Evidence from clinical studies shows it provides long-term treatment for maintaining the body’s iron stores. In our view, these factors provide a solid support for negotiating attractive deal terms.
Emma Ulker, Proactive Research
What Shield does
Its lead asset, Feraccru (Accrufer in the States), is an oral treatment for iron deficiency with or without anaemia, which is approved in Europe and the US.
The US opportunity alone could be worth in excess of US$1bn, analysts reckon.
A deal with ASK Pharm (Beijing Aosaikang Pharmaceutical), covers China, Hong Kong, Macau and Taiwan to market Ferracru.
The drug has a range of features that help differentiate it from the more established iron treatments including:
• Twice-daily dosing without food providing high iron availability
• Raises haemoglobin and iron levels effectively
• Prolonged therapy maintains Hb levels
• Well tolerated
• Non-inferior to IV iron
How it is doing
Shield swung strongly into profit in its first half following an US$11.4mln upfront payment from ASK Pharm, its partner in China.
Revenues for the half-year to June jumped to £8.9mln (2019: £430,000) with net sales in Europe of Feraccru rising by 50%.
Shield posted a profit for the six month period of £3.1mln against a loss of £4.2mln over the same period a year earlier.
Tim Watts, Shield's chief executive said it was making ‘excellent’ progress in China with ASK in reaching agreement on a development plan for Feraccru with the regulatory authorities.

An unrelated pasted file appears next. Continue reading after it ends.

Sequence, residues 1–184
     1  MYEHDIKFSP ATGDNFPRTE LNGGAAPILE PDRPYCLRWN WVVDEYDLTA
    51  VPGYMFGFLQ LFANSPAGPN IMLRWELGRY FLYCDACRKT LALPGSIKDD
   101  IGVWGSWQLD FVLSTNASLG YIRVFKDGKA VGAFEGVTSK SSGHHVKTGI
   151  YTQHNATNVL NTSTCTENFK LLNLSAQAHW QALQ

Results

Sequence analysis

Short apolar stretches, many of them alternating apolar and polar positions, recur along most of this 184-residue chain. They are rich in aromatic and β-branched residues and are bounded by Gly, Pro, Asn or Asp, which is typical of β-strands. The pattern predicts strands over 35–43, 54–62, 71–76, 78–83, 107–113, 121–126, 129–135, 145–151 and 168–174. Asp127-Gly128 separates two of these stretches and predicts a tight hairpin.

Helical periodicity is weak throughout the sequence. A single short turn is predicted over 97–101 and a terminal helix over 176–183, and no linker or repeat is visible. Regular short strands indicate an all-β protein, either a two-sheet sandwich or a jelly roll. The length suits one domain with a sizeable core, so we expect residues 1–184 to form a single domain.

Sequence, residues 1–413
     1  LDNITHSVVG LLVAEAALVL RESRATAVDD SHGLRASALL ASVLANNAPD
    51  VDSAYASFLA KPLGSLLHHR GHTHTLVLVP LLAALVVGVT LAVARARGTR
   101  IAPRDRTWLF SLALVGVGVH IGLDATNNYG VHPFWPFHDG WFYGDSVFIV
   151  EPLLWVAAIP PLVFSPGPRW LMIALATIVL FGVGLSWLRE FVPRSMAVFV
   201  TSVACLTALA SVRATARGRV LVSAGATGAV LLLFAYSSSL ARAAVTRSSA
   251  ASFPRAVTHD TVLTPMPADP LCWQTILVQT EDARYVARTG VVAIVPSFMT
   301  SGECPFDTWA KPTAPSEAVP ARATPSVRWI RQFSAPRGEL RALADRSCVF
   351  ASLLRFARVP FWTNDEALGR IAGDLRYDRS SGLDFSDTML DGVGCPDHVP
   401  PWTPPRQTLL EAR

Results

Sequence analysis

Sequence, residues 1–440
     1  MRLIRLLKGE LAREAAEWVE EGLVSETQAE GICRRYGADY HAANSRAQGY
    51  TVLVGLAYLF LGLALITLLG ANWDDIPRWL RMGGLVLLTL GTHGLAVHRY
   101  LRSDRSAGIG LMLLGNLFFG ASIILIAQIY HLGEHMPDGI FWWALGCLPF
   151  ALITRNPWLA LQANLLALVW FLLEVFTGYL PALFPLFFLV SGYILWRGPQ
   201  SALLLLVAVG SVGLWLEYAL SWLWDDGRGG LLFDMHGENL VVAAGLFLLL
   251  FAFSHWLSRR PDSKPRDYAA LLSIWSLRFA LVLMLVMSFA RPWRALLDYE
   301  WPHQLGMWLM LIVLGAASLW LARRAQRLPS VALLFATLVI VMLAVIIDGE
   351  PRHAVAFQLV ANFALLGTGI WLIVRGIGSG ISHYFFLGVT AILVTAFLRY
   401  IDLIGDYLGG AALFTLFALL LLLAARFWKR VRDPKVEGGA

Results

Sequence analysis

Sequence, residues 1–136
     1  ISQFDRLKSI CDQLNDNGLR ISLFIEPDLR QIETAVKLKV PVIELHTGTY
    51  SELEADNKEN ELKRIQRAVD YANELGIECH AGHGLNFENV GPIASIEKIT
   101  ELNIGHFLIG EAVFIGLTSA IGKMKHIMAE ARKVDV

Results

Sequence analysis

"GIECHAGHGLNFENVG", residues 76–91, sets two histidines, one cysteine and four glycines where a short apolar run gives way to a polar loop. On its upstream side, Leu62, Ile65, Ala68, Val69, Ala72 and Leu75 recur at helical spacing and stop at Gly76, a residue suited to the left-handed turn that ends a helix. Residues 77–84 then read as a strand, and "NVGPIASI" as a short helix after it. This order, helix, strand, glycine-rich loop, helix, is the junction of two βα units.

In Europe, Watts said sales of Feraccru in the first half matched the whole of 2019 even with disruption from the coronavirus pandemic.
Shield’s priority for the rest of the year is to find a US partner, he added.
What the boss says: Tim Watts, chief executive
“Several of these have [ US parties] signed confidentiality agreements, several have submitted non-binding offers and more detailed negotiations have been undertaken with a number of parties,” he noted.
“We remain confident of securing a partner in 2020 and have recently ordered launch stocks of US packs of Accrufer which should be available for sale by around the end of 2020.”
What the research house says: Hardman
"All drug companies carry development risk, but STX’s has been limited by regulatory approvals in the EU and the US. The biggest risk now is commercial execution. Having achieved deals in Europe and China, securing a partner for Accrufer in the US remains the top priority for 2020.
"Interim results confirmed the market’s expectations and reiterated the length of STX’s current cash runway in the absence of a US licensing deal. In these uncertain times, Feraccru provides a really good option to physicians seeking alternative therapies for ID patients reluctant to attend hospitals/clinics for intravenous (iv) iron therapy. Meanwhile, management reassured the market that progress is being made towards closing a US commercial deal in the near future."
What the analyst says: Emma Uiker
"The outcomes of the analysis are strongly supportive of ongoing discussions for the global commercialisation, pricing and reimbursement of Feraccru. This includes supporting STX’s partner Norgine to negotiate on pricing and coverage decisions in the broader European markets as well for ASK Pharm, the company’s partner in China," said Proactive's analyst Emma Ulker.
"A licensing deal in the US for Accrufer can start to unlock the world’s largest iron replacement market which represents c70% of the estimated US$3bn value of the global market."